Things we like: Empire editors' reunion, Johnston's taxi tie-up

Things we like this week include Empire's 25-year reunion, Johnston Press' deal with Minicabit and launches from AOL.

Empire's 25-year reunion

Bauer has reunited every ex-editor of Empire to celebrate 25 years of the film bible. Formed during the late 80s’ flourishing multiplexes in the UK, Empire hoped to be an antidote to both the bland magazines sold in cinema foyers and staid academic journals. Its launch editor turned magazine ambassador, Barry McIlheney, reckoned it will "definitely be around in 25 years’ time".

Johnston Press’ taxi tie-up

Johnston Press, the regional publisher, has struck an innovative deal with the online cab search and booking outfit Minicabit – a recent star of the BBC’s Dragons’ Den. Integrated into Johnston Press’ UK event platform, WOW247.co.uk, on web and mobile, users can easily compare quotes and book taxis in a matter of clicks. Not only can the publisher provide information about where to go, it can now help us get there. Smart.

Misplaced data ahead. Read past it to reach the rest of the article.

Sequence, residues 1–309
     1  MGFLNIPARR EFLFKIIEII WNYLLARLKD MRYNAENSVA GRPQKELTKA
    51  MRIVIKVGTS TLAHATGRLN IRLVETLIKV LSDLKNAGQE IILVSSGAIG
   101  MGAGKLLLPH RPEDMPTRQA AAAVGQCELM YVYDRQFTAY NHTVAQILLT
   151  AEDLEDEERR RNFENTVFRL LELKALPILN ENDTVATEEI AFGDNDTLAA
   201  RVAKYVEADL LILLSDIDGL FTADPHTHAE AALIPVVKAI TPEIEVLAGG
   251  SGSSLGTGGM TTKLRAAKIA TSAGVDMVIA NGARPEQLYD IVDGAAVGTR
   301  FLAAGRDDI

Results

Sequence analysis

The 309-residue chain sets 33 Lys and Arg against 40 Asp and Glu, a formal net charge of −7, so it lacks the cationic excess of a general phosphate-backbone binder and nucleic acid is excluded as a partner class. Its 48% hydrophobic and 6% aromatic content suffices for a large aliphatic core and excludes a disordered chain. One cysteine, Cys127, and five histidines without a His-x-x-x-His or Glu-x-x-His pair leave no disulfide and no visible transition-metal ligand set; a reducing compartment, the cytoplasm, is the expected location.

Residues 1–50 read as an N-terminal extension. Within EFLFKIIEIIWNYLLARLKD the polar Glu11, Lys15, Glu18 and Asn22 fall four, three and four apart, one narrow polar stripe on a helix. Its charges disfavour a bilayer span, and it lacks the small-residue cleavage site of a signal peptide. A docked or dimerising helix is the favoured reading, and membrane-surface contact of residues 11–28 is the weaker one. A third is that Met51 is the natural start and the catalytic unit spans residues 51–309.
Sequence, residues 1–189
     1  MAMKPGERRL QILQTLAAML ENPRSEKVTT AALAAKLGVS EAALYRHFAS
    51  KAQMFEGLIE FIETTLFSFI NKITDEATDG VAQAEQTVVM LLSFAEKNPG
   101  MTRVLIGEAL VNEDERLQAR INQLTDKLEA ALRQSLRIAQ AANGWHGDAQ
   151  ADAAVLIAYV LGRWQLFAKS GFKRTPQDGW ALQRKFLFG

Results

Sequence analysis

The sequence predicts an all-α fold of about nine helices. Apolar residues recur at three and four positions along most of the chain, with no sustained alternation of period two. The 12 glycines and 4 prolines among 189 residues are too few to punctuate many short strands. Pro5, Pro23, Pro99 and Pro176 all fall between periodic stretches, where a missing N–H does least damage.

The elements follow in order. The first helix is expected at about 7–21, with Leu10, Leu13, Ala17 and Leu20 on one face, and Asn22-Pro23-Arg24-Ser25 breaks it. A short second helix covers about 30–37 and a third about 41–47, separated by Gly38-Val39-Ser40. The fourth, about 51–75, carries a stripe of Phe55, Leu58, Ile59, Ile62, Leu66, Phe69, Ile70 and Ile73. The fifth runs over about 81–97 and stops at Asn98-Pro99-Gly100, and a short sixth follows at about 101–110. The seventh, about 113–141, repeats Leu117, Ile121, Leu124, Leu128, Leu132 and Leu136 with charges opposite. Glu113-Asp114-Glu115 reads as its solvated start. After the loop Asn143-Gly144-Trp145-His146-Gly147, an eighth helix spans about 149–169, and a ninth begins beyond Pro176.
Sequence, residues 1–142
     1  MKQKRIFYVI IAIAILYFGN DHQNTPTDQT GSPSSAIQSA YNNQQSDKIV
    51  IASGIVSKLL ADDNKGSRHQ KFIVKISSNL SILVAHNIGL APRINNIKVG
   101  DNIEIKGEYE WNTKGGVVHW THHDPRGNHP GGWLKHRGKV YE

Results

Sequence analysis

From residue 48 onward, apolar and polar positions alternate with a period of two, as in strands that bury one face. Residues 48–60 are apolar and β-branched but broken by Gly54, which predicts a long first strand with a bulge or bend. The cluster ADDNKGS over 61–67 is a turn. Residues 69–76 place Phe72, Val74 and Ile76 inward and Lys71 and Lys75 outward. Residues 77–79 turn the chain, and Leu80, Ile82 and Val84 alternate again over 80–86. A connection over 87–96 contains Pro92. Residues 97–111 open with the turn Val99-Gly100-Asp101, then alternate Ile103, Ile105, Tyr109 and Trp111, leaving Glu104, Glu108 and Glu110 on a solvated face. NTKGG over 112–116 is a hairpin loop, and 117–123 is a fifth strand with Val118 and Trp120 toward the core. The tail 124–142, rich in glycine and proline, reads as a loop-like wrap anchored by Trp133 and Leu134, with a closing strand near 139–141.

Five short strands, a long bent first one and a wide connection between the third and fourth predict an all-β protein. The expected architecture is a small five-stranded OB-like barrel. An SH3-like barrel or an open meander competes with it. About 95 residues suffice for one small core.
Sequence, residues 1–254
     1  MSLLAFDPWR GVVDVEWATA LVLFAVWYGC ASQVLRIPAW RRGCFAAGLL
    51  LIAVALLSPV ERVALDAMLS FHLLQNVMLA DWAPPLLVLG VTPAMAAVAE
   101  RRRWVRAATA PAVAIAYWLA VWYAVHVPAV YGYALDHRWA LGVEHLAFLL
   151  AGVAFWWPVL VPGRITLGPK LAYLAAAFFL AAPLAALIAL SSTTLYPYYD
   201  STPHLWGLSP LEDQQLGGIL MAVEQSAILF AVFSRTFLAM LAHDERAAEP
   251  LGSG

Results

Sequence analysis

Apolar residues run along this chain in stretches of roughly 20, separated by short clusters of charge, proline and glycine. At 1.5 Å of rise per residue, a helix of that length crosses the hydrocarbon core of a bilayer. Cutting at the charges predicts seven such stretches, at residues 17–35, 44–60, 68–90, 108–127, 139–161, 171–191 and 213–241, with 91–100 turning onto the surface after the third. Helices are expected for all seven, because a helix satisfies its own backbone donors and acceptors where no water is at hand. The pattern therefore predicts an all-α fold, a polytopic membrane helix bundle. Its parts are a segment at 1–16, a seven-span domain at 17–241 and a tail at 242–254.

AOL getting active

AOL has been busy with several launches in the UK this week. It is building the first cross-screen programmatic advertising platform for brands, agencies and publishers called One by AOL. The company calculates that up to £3.5 billion of an estimated £6 billion in spend could be lost to "middlemen" by 2017. Separately, AOL has also launched AOL On, its premium video network, in the UK with content partners including Channel 4 News, Trinity Mirror and Telegraph Media Group.

And one thing we don’t…

The continuing piracy war
The music industry’s battle against piracy is far from over, according to the International Federation of the Phonographic Industry. The body has attacked Google for not doing enough to prevent illegal downloading as music sales fell 3.9 per cent last year, despite streaming services such as Spotify and YouTube growing 51 per cent to more than $1 billion. The IFPI’s chief executive, Frances Moore (pictured), said: "Google could do so much more."

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Brands that forge an emotional tie are best protected from copycats
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1 Brands that forge an emotional tie are best protected from copycats

Forging an emotional tie with consumers is one of the strongest ways to protect your brand. Products can be copycatted, but the distinctive identity of a true brand can never be replicated argues Nir Wegrzyn, CEO of BrandOpus.

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